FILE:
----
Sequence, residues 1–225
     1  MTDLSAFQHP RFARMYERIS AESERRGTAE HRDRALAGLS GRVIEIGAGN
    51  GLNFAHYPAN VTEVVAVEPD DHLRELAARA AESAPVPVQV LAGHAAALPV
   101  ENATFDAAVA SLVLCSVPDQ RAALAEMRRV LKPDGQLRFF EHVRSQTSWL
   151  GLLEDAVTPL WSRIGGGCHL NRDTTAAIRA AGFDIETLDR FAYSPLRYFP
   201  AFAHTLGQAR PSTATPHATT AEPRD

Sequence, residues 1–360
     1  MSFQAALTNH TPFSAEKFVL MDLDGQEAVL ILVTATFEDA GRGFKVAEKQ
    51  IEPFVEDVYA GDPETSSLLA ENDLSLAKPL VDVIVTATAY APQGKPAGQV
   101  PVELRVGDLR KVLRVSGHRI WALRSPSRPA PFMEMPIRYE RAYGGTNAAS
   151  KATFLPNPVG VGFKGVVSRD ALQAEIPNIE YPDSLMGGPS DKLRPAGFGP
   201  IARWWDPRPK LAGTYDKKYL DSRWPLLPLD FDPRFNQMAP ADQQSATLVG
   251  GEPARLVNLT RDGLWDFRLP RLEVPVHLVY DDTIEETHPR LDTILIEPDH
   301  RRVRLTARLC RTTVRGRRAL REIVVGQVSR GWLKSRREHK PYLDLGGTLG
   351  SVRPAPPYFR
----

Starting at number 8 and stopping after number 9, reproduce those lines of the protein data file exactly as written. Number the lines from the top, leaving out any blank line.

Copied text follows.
     1  MSFQAALTNH TPFSAEKFVL MDLDGQEAVL ILVTATFEDA GRGFKVAEKQ
    51  IEPFVEDVYA GDPETSSLLA ENDLSLAKPL VDVIVTATAY APQGKPAGQV